I think a lot about the scene in the Wizard of Oz where the WIzard’s voice booms out, “I am the Great and Powerful OZ!” And then, when Toto pushes the curtain aside and shows the shamefaced carny who’s running the apparatus, booms, “Pay NO attention to the Man Behind the Curtain!” It always makes me laugh. And I always think, giggling a little, that really we could have called EAP, as an alternative, The Man Behind the Curtain Press.
I mean, the main point is of course to get ideas out there. A particular kind of idea, of course…or ideas. Ideas on how an individual, just one person, can confront all of the looming problems in the world around us without either getting mowed down–without giving up her/his individual pleasure in life–or cowed into denial and servile acceptance “because that’s just the way it is, I can’t change it.” But I think it’s also part of the point to show that any individual, keeping his/her head down, and determined to both enjoy life and push it in the right direction at the same time, can do that. It’s open to everyone. It’s part of every day life. And don’t let the Man Behind the Curtain fool you into thinking it can only be done by a big booming voice coming from a loudspeaker hidden somewhere in the room.
Now ideas are the reason books are made. Or they should be the reason, anyway, in the same way that it should be the reason that goods are made that they fill a need, and not just somebody’s bank account. So you can start very small. You can start at home. It can be part of your everyday life, and I’m arguing that it should be–ideas, I mean. Your ideas, my ideas, then they get exchanged, they turn into a third idea and they launch out into the world.
This is an everyday process, which somehow has gotten taken over by the ‘experts’. Mainly because we let them. Mainly because of a lack of confidence, a lack of autonomy, on our own part…a terror that our own opinion would be scorned, would be wrong, would be…set aside as not as grand as those others. Mainly because we actually believe that voice when it insists it’s the Great and Powerful Oz.
We let ourselves get mystified. And that’s the first place we can start in making our world a better place. We can refuse the mystification. We can insist on seeing the Man Behind the Curtain.
All of this! Just because I’ve been wrestling all week with admin problems coming out of publishing books. Printing issues. Proofing issues. Sales to foreign countries issues. And, of all things, liquor license issues. I mean, it turns out it’s quite difficult just to serve a little bit of wine to some friends to celebrate a book. At least, if that celebration is in public. And my wrestling with that little issue, as I meditated on it and looked at first that way to solve it, then rejected it to look at another way, I started to get that picture of the poor Wizard fruitlessly pulling levers in my head; it just kept floating through. And I realized as I wondered why that image, that, of course, one of the ways that we mystify the process of getting ideas out there is we mystify the whole production process, and the whole sharing with the world process (the former we mystify by pretending the ideas just got out by themselves by sheer strength of truth–the powerful use this one a lot to hide the monoculture of ideas it’s to their benefit to enforce, I notice–or we mystify the latter by calling it ‘marketing and publicity’ and relegating THAT to the experts again), instead of just making plain what happens along the way. And that this, in fact, doesn’t do the mystifiers any more good than it does us. I mean, when was the Wizard happier, when he was terrifying the Emerald City, or when he was hanging out at the end with Dorothy and telling her his whole story?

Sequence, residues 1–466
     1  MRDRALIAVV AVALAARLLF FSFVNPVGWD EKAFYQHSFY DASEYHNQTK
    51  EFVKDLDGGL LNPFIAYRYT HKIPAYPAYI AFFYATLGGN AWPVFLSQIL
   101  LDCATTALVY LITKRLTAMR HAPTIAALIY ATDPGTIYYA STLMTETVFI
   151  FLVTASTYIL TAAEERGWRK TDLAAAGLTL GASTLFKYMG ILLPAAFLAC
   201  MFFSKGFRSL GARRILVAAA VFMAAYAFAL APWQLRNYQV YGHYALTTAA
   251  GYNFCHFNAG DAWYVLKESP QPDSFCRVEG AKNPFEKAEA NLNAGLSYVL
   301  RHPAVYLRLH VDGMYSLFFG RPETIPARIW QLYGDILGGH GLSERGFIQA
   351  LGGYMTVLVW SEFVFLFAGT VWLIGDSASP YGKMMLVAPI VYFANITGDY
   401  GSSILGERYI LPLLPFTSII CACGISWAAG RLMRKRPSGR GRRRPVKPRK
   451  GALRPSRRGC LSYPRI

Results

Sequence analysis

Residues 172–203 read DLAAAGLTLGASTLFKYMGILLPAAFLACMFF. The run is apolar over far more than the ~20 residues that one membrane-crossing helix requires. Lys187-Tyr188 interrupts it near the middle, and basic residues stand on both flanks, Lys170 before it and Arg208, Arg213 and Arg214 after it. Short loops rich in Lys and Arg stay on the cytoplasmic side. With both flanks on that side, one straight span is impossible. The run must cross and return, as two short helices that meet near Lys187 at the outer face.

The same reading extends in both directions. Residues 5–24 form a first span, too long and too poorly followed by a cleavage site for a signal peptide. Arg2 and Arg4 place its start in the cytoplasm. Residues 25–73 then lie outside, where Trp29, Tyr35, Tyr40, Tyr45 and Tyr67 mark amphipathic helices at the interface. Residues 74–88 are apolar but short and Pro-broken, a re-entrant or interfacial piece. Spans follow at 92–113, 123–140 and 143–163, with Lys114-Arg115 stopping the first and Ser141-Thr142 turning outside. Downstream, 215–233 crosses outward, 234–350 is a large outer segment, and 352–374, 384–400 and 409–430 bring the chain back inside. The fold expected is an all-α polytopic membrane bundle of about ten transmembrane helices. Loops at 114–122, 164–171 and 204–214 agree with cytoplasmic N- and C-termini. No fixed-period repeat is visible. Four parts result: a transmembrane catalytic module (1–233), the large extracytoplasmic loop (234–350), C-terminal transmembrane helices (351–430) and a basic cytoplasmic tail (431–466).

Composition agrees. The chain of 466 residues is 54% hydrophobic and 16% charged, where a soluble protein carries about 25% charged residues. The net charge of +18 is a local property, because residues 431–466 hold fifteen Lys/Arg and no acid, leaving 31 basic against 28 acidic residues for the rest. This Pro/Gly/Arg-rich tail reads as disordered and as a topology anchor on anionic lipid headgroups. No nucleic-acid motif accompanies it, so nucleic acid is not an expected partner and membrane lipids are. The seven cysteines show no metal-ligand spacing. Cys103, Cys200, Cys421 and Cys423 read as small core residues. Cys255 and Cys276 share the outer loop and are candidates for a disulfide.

In a way, the entire media business in this country, at least the large, formal, entrenched, monopolistic media that most people see as the whole iceberg, is run as if by the Great and Powerful Oz, the Man Behind the Curtain, with no real story showing at all. Real story showing being considered unprofessional, somehow…not done. I don’t think this is healthy. I think that curtain’s got to go. And I think one way that curtain can get tweaked is by as many people as possible taking over the means of production themselves…and the means of distribution, too. And along the way, being quite clear about how the process really happens, and what’s really going on.